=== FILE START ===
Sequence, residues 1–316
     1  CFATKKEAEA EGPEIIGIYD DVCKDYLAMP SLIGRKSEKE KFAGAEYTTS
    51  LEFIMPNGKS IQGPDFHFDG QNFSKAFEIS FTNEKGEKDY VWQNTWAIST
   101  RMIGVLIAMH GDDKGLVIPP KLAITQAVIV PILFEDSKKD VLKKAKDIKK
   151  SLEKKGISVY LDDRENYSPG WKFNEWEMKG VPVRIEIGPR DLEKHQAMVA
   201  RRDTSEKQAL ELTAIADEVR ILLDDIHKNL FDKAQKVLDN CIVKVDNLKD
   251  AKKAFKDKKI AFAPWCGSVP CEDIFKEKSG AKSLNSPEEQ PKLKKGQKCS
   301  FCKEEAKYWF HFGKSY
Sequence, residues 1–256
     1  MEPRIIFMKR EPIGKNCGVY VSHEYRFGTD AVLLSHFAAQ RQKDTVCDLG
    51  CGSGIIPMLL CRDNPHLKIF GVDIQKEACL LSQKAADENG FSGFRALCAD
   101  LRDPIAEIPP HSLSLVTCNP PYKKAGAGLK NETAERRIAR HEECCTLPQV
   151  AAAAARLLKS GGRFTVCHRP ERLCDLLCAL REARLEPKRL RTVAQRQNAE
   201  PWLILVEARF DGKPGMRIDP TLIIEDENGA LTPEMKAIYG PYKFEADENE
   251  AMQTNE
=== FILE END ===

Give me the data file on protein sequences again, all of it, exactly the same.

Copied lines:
Sequence, residues 1–316
     1  CFATKKEAEA EGPEIIGIYD DVCKDYLAMP SLIGRKSEKE KFAGAEYTTS
    51  LEFIMPNGKS IQGPDFHFDG QNFSKAFEIS FTNEKGEKDY VWQNTWAIST
   101  RMIGVLIAMH GDDKGLVIPP KLAITQAVIV PILFEDSKKD VLKKAKDIKK
   151  SLEKKGISVY LDDRENYSPG WKFNEWEMKG VPVRIEIGPR DLEKHQAMVA
   201  RRDTSEKQAL ELTAIADEVR ILLDDIHKNL FDKAQKVLDN CIVKVDNLKD
   251  AKKAFKDKKI AFAPWCGSVP CEDIFKEKSG AKSLNSPEEQ PKLKKGQKCS
   301  FCKEEAKYWF HFGKSY
Sequence, residues 1–256
     1  MEPRIIFMKR EPIGKNCGVY VSHEYRFGTD AVLLSHFAAQ RQKDTVCDLG
    51  CGSGIIPMLL CRDNPHLKIF GVDIQKEACL LSQKAADENG FSGFRALCAD
   101  LRDPIAEIPP HSLSLVTCNP PYKKAGAGLK NETAERRIAR HEECCTLPQV
   151  AAAAARLLKS GGRFTVCHRP ERLCDLLCAL REARLEPKRL RTVAQRQNAE
   201  PWLILVEARF DGKPGMRIDP TLIIEDENGA LTPEMKAIYG PYKFEADENE
   251  AMQTNE